A turkeys mind and actions tend to slowly evolve during the season. Many times just when you are about to throw in the towel and head for home I can’t tell you how important it is to stay a little longer. Take a sandwich, some water and snacks in your pack, and spend the day and perhaps all the way into the early evening. Be polite, gentle, and patient in your calling approach and you might just coax a late season bird into range. Expect to see things you’ve never seen before and definitely be willing to change some of your tactics and chances are good things will happen.

Troy Rodakowski
Outdoor Line Blogger
710 ESPN Seattle

Deer Cartridges – A Trio at the Top

by Wayne Vanzwoll

Name three fine deer cartridges? Easy! Name only three? Oh. That’s really, really hard!

Wayne shot his first deer with a SMLE in .303 British. He still hunts with the round, here in a Ruger. (Wayne Vanzwoll photo)

The deer was loping through Michigan poplars when a bullet from my $30 SMLE broke its neck. My first whitetail. The .303 British, now 130 years old, still works fine for deer. It has surely killed more Canadian moose than any other cartridge. It has downed elephants.

A pointed .303 British bullet outruns flat-points from the .30-30 and .32 Special popular in lever-action rifles for most of the 20th century. So do modern softpoints from the 6.5×55 and 7×57, also infantry rounds pre-dating the Great War. Fine deer cartridges, all.

Dating to 1892, the 7×57 with modern pointed bullets is a fine deer round. It gave Wayne this muley. (Wayne Vanzwoll photo)

But at its debut in 1925 the .270 Winchester started hunters on a different track. Since then, bolt-action deer rifles have chambered ever-friskier rounds, with flatter arcs and more punch.

The .270, introduced by Winchester in 1925, set hunters on a faster-is-better kick. Scopes contributed. (Wayne Vanzwoll)

Now the deer-cartridge bin bulges with options. The 7mm and 30-caliber magnums, while useful for bigger game, strike me as excessive. Like sending Junior to college in a $50,000 pickup. You needn’t have my blessing to hunt with a hotrod cartridge or spring for a new F-250. But I’ll stick with milder deer loads – say, those firing 100- to 140-grain bullets at 2,650 to 3,150 fps from bolt rifles with 6mm to 7mm bores. Specifically: the .243 and 6mm, the .257 Roberts and .25-06, the 6.5 Creedmoor, 6.5×55 and .260 Remington, the .270, 7mm-08 and 7×57. Add the .300 Savage and .308 with 150-grain missiles to make it an even dozen. How can I include the .270 and not the .280? You’re right; they’re too similar. A baker’s dozen, now, these are easy to shoot, and with proper bullets deadly even on quartering shots to 300 yards.

But what about the .30-06, long America’s darling and arguably its most versatile round? Well, arbitrary lines must fall somewhere. The ’06 is a notch up in power and recoil from the .308, which itself has more punch than plaid-clad riflemen a century ago could have imagined using on deer.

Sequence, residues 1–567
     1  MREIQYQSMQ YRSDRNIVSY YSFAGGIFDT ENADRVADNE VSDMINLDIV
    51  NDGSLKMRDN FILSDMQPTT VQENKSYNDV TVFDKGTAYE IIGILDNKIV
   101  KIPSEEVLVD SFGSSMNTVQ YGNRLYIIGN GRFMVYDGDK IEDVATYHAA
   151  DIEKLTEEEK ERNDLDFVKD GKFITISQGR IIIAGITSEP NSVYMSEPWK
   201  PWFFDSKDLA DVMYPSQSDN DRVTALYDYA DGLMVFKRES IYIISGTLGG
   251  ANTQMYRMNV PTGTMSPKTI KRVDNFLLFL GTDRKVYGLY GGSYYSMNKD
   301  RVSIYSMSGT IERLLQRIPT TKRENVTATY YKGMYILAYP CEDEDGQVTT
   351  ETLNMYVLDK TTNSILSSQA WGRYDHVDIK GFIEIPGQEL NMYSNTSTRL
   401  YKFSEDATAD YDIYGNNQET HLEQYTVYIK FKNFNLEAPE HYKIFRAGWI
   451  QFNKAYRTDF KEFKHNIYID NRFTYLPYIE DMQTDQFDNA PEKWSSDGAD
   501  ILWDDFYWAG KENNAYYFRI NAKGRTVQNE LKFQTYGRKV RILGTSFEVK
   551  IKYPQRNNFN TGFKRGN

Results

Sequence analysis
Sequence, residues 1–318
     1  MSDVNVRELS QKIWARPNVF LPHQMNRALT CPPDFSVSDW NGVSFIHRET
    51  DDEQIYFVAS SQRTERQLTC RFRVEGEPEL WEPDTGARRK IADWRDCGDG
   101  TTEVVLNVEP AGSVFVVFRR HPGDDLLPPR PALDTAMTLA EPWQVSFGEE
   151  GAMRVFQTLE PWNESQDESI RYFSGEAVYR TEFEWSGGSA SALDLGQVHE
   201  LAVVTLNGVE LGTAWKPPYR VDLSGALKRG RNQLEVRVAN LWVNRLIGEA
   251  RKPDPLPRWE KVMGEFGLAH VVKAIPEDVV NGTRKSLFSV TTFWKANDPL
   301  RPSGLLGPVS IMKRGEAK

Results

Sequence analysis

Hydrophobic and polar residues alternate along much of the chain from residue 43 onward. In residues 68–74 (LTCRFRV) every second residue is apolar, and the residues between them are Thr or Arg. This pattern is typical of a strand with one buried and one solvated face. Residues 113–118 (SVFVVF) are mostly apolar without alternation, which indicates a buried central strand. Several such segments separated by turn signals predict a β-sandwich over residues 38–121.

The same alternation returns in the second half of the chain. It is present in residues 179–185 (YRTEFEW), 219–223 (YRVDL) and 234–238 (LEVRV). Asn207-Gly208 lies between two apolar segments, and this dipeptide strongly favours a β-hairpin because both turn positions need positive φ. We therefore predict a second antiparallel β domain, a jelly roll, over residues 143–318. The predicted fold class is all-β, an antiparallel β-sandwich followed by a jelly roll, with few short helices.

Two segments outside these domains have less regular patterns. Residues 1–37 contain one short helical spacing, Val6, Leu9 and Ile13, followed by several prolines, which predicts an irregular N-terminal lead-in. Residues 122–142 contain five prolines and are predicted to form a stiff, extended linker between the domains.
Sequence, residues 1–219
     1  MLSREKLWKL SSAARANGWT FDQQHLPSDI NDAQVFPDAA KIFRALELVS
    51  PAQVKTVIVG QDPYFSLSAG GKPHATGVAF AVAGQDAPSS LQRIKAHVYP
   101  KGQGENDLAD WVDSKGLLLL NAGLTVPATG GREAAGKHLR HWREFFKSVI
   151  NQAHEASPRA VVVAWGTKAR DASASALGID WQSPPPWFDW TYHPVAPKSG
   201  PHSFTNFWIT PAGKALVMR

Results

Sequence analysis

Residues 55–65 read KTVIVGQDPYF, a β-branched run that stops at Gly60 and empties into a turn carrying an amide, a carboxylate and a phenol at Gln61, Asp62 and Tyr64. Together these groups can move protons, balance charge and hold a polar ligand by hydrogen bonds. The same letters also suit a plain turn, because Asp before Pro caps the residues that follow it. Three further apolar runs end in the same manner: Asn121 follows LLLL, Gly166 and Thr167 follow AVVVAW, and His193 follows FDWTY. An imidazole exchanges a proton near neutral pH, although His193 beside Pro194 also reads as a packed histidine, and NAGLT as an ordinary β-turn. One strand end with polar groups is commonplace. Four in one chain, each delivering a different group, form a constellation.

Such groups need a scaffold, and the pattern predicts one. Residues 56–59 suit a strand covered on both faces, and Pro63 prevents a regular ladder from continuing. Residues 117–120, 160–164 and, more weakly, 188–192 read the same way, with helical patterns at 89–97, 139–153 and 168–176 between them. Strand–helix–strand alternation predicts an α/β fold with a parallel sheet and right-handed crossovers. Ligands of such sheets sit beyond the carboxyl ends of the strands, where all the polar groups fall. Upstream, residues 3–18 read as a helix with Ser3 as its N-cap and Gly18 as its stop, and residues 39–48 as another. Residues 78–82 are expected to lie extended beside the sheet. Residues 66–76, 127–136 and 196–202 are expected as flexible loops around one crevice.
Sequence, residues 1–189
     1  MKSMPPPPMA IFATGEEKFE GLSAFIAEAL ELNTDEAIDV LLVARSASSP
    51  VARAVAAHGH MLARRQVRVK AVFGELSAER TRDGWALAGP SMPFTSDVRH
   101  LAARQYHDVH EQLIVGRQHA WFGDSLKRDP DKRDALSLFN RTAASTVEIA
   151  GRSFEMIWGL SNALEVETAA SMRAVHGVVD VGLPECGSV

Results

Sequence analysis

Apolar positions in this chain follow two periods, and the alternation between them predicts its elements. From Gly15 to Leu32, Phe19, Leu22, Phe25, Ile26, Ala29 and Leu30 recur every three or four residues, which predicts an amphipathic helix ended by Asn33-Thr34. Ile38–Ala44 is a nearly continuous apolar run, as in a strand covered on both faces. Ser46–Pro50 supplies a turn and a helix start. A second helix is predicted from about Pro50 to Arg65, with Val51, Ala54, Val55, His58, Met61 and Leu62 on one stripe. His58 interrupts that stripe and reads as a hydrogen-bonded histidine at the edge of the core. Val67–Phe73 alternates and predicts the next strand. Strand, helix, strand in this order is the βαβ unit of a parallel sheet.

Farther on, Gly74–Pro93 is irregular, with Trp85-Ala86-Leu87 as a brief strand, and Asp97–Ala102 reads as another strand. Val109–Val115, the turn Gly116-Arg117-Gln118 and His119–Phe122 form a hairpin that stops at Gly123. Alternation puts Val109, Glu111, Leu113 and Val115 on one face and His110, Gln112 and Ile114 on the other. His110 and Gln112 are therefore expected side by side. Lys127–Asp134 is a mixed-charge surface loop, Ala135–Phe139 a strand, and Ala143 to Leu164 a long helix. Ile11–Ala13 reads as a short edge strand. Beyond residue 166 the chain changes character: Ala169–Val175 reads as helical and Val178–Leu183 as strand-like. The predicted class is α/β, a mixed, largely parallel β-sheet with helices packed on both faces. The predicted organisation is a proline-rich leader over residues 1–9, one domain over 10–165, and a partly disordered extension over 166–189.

Top trio? Perhaps the three 6.5s, ballistically very close. The .260 and the 6.5 Creedmoor work in short actions, the Swede not so much. The Creedmoor trumps the .260 for efficiency and paired with long bullets. But these are academic differences.

The .260 Remington, a necked-down .308, shoots flat, recoils gently, kills deer past 300 yards. Bravo! (Wayne Vanzwoll photo)

If you like lever rifles, sifting cartridges became harder after Hornady introduced LeverEvolution ammo. It sends spitzer bullets fast from hulls long shackled by flatpoints, almost doubling effective reach. Last fall I shot a buck at 80 yards with a .25-35 rifle predating women’s suffrage. The 110-grain Hornady carried 1,200 ft-lbs at impact – three times the energy of a .25-20 at the muzzle. You’ll recall it was a .25-20 that in 1914 killed the Jordan buck, a gigantic whitetail that topped Boone & Crockett lists until 1993.

The .308 with 150-grain bullets makes Wayne’s list. It creates wound cavities once hard to imagine! (Wayne Vanzwoll photo)

Favorite deer cartridges are like favorite songs, or favorite dogs. Your top picks depend largely on what you expect of them. I prefer to hunt close, increasingly with iron sights. Given a 100-yard limit imposed by cover or irons, a .25-35 makes sense. It’s about as light a cartridge as I’ll use. A humane kill matters to me, and not every buck is a ribcage awaiting a bullet from the side. I had to fire again to kill the deer I hit (obliquely) with the .25-35.

My favorite deer loads? Whatever’s in the chamber when my rifle comes to cheek, and the brass bead or the crosswire finds a forward rib.

Wayne Van Zwoll
Journalist, Gun Writer
The Outdoor Line 
710 ESPN Seattle

EXO Mountain Gear Backcountry Hunting Packs - Boise, Idaho

How to Rig the Gibb’s Hali Hawg

Adding a Gibb’s Hali Hawg grub to your halibut rig can make a big difference when you hit the water in search of flatties this spring. They swim, wiggle, glow, and give an added measure of attraction when you’re ringing the dinner bell on the ocean floor.

In this Gibb’s Delta video longtime Vancouver Island charter captain Trevor Zboyovsky from No Bananas Charters shows how to rig a Hali Hawg grub with two “J” hooks to hammer Pacific halibut. Hali Hawg grub’s are manufactured with a hole thru the center that makes rigging them on a halibut leader really simple and effective.

Rob Endsley
The Outdoor Line